Let’s return to the metaphor of the car. Have you ever put cheap gasoline in your vehicle and noticed it chugging along or the engine making funny noises? Even in the world of gasoline, the quality of the fuel you use makes a big difference in the performance of the engine. We also know that cheap and dirty fuels expel more pollution than clean fuels.

So why do we let the food and beverage industry tell us that all calories are the same? “Calories in – Calories out” they say. “We eat too much and exercise too little.” The result is that we get overweight and then we blame the processed food industry. That is the problem you see, our lack of personal responsibility – not cheap and dirty fuel!

At the core of every human life is a metabolic system – a cellular engine that can be powerfully transformative and uplifting or degenerative and debilitating – killing us slowly and painfully over the course of our (shortened and degraded) lives. The metabolic system is comprised of several organs, hormones and enzymes that work together to digest, absorb, process, transport, and excrete the constituents that are essential to life. When this system becomes faulty, when you feed it with cheap and dirty fuel, metabolic health is compromised. It is the difference between wellness and illness.

Propagandists bank on you accepting false assertions as truth. The idea of “energy balance” is a powerful propaganda device that leads the public to accept a false proposition as science. The processed food industry thrives by side-stepping critical thought and un-biased science, using marketing and propaganda as tools for deception. There is no question that this strategy has worked for the last half century. Frankly, many scientists have been asleep at the wheel, or worse yet, bought out. If they were doing their job, a knuckle-dragging guy like me wouldn’t have to labor over writing articles like this.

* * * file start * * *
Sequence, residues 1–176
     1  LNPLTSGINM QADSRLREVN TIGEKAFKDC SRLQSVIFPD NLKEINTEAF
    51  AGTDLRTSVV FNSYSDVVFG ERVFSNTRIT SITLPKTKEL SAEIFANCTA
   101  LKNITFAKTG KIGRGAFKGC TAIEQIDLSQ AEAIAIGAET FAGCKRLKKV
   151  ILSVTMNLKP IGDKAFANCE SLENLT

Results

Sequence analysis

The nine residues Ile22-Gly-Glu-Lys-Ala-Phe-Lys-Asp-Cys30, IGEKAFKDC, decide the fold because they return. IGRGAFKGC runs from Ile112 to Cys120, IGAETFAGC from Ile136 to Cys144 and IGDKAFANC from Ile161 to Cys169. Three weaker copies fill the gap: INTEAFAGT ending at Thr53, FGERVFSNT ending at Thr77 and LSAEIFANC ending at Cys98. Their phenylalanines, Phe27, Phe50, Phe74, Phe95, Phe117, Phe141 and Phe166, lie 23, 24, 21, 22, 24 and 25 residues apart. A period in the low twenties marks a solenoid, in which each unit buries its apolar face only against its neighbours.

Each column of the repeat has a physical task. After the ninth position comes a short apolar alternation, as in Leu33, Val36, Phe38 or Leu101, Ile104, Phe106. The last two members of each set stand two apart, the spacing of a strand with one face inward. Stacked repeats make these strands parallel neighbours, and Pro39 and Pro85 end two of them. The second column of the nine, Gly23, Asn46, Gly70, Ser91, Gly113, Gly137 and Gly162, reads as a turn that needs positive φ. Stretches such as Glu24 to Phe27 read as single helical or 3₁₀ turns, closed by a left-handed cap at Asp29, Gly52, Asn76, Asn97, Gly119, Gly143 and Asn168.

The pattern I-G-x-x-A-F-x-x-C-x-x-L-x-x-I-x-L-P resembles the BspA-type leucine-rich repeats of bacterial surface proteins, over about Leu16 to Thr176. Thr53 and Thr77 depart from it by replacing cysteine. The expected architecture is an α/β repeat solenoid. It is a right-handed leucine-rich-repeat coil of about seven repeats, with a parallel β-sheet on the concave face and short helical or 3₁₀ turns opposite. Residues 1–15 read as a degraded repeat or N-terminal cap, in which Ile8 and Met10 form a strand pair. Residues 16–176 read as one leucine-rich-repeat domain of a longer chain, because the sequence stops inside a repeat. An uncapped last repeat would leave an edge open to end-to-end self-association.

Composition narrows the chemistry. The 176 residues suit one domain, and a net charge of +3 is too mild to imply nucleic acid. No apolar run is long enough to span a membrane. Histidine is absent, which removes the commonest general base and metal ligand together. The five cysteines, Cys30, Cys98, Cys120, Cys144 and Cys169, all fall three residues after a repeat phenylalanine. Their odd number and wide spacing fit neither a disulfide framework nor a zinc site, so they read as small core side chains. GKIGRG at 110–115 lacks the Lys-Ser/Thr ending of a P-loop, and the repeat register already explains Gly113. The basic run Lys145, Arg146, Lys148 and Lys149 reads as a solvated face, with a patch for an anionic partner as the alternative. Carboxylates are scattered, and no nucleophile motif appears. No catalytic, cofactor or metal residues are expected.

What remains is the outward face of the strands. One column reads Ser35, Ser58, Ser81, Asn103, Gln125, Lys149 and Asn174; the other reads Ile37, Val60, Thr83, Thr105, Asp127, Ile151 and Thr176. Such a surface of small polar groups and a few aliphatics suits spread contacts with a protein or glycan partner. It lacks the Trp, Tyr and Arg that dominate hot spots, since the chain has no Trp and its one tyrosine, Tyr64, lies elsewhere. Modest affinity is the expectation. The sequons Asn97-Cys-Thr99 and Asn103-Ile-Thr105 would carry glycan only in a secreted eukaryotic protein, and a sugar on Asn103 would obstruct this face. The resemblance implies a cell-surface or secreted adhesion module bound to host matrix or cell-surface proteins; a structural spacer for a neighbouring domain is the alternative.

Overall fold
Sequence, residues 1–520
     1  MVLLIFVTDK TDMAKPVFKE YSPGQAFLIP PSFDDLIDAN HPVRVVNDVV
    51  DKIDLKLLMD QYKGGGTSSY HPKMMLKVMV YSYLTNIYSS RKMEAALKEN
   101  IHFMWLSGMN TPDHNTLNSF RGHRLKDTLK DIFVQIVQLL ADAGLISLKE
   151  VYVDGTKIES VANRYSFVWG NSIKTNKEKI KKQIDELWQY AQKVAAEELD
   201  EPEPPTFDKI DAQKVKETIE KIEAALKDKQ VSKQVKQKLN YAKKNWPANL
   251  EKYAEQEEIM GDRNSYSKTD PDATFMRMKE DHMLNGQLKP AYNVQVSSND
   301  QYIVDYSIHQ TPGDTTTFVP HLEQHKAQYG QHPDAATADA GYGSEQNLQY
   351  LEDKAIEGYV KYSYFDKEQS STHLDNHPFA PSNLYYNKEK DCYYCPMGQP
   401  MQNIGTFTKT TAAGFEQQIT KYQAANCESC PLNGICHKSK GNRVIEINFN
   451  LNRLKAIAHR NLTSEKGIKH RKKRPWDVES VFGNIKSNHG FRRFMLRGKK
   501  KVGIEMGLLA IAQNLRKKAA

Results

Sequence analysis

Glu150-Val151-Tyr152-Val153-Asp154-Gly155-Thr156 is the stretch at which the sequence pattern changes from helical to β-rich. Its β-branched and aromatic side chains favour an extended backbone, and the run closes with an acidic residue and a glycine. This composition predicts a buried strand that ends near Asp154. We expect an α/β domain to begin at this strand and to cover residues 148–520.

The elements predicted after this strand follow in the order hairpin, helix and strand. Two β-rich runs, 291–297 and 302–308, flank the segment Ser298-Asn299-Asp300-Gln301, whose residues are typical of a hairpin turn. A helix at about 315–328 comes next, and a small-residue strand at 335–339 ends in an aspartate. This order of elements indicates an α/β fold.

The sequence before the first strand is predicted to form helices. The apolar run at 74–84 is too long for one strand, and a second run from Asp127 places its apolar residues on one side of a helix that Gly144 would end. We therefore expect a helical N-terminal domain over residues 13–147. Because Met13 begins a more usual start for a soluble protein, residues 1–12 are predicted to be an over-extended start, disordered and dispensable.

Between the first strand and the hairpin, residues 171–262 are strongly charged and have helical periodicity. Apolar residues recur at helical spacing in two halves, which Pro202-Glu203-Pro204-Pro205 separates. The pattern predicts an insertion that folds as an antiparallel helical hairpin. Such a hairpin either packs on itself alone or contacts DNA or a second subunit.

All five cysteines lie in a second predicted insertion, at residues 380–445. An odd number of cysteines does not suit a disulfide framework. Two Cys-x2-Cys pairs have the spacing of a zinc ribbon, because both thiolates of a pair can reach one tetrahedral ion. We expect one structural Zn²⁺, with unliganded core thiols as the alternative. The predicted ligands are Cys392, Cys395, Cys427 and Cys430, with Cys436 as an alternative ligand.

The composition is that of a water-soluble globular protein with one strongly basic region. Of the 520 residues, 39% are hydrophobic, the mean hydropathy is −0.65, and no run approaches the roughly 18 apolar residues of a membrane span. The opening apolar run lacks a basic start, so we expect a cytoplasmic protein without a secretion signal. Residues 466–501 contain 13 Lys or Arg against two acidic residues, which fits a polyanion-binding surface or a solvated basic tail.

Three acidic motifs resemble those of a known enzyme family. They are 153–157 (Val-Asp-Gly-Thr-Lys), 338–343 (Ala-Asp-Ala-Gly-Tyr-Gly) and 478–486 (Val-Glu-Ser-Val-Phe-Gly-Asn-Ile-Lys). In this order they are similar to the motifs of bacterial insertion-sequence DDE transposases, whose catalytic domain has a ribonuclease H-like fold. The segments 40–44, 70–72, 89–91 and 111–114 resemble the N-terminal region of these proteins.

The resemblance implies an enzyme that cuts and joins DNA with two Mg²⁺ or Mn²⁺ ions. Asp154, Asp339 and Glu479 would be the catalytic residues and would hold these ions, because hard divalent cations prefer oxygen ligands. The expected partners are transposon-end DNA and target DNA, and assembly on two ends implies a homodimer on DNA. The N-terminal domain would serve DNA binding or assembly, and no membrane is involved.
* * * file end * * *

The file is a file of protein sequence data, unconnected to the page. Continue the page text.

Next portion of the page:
The question now is whether discerning food consumers can muster enough science and critical thinking to see through the myths and lies of the processed food industry and restore their health by eating real food.

Wolfram Alderson is CEO of the Hypoglycemia Support Foundation and Global Education Director for Dr. Robert Lustig. He had his DNA analyzed by 23 & Me and discovered that an estimated 3.0% of his DNA is from Neanderthals, apparently higher than average. Despite the issue of his knuckles dragging, this fact hasn’t deterred him from cultivating a passionate interest in nutrition science. And despite the culinary proclivities of his ancestors, he doesn’t eat “Paleo”; he just eats real food.

*The generality of the metabolic paradigm: “The basic principles of physics, chemistry, and biology are encompassed in a common framework by the concept of metabolism (Brown et al, 2004). Metabolism provides a conceptual connection for the physiological processes characterizing the biology of all living things, spanning from individual organisms to the ecology of populations, communities, and finally whole ecosystems. This common framework allows investigating analogous processes taking place at different scales, making evident the underlying general principle or laws governing the nature of life.” –Ecological Processes Handbook by Luca Palmeri, Alberto Barausse, Sven Erik Jorgensen